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Date: Mon, 22 May 1995 15:23:53 -0500
From: Benjamin Price Shults
Message-Id: <199505222023.PAA14051@pythagoras.ma.utexas.edu>
To: kaufmann@CLI.COM
CC: holmes@catseye.idbsu.edu, moore@CLI.COM, qed@mcs.anl.gov
In-reply-to: <9505221831.AA04663@thunder.cli.com> (kaufmann@CLI.COM)
Subject: Re: Undefined terms
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I think this problem is addressed in a slightly different way (from
the four suggestions given by Harrison) in the popular classical
axiomatizations of set theory (Goedel-Bernays, Morse-Kelley). Of
course, this is in the context of a first-order theory with some
additional axiom schemata, which may be far from what most of you are
thinking of. But perhaps it's worthy of inclusion in the discussion.
5. Resolutely give all partial functions the same value on points
outside of their domain. (This comes as a consequence of the basic
underlying language and definitions.)
Bernays uses the definite descriptor term $\iota_x (A)$ to represent
the object which is the unique $x$ such that $A$. In order that this
term be well-defined when there is no unique such object, Bernays says
that when there is no such object then $\iota_x (A)$ always represents
the empty set. He uses two axiom schemata to accomplish this.
So in Bernays' language we might say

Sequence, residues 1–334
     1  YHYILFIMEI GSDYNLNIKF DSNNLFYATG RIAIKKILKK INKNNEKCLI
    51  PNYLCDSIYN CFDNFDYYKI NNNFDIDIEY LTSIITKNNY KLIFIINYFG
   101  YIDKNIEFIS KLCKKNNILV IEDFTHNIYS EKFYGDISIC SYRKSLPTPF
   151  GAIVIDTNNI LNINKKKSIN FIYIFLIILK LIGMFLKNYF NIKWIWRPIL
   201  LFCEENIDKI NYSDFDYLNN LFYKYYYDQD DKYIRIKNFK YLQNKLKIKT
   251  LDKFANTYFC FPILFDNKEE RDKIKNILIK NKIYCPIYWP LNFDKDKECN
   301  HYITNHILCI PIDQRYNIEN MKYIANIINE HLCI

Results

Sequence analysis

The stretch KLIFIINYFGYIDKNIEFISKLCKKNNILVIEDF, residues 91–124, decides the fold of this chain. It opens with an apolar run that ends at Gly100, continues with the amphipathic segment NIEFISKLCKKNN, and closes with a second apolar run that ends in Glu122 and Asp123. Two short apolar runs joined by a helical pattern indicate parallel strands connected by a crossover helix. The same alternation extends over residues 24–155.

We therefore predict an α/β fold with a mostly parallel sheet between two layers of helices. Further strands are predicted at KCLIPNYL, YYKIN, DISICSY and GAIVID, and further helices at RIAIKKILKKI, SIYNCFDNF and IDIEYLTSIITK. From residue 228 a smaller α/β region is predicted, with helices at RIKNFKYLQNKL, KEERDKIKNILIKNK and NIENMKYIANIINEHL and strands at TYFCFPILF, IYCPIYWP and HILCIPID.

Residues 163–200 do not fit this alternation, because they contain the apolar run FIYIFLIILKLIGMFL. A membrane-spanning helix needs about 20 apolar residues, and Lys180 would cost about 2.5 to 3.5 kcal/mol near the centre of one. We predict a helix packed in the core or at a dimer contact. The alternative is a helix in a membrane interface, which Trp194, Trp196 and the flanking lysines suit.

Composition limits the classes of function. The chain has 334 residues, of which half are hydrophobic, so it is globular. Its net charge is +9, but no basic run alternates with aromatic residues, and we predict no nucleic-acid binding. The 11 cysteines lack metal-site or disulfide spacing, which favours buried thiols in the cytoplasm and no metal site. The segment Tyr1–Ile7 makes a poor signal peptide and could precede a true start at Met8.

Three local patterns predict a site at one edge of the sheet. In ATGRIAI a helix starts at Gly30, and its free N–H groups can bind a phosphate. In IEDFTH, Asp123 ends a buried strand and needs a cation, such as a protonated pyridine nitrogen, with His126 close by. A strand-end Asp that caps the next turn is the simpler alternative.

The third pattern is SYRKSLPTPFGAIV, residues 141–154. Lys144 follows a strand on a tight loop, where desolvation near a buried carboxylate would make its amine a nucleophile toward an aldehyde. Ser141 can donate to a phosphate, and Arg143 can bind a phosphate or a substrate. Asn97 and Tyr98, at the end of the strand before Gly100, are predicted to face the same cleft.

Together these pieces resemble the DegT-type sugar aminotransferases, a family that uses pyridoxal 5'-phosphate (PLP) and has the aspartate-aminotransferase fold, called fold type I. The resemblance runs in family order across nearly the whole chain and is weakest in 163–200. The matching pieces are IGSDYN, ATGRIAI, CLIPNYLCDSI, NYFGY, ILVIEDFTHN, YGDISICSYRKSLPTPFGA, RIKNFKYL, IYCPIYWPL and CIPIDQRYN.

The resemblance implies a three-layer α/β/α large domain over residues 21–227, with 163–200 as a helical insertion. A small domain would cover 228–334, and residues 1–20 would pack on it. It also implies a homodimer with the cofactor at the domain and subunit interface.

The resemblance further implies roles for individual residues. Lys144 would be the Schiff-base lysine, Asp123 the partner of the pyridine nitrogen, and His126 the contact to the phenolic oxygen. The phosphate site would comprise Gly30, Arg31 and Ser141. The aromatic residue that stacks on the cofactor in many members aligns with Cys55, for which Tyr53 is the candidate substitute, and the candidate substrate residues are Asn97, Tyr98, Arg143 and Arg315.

1/x=\iota_y(x is real and x<>0 and x*y=1).
So we do get that 1/0={} (and 1/a-foo = {}) but we don't really care.
In Morse-Kelley's set theory they get around the use of the definite
descriptor by defining {x}={z: if x\in V, then z=x} where V is the
universe class.
In this system we might say (I'm skipping a lot of intermediate but
fairly standard definitions):
the-reciprocal-function = {: x is real and x<>0 and x*y=1}
Thus, the-reciprocal-function(0) = V, the universe class. But then
again, we don't care.
This turns out to be very convenient for these authors in many ways.
My Ipr system implements an axiom schema for dealing with the definite
descriptor but also allows the user to construct his set theory so
that there is no need for it (as in MK's set theory). Thus the user
may select his favorite way of dealing with undefined terms, or not
worry about it (which is hopefully what most USERS of qed will do).
However, I would not expect that QED will be flexible enough to allow
the user to make such choices at so basic a level.
Benji
--
Benjamin Shults Email: bshults@math.utexas.edu
Department of Mathematics Phone: (512) 471-7711 ext. 208
University of Texas at Austin WWW: http://www.ma.utexas.edu/users/bshults
Austin, TX 78712 USA Office: RLM 10.142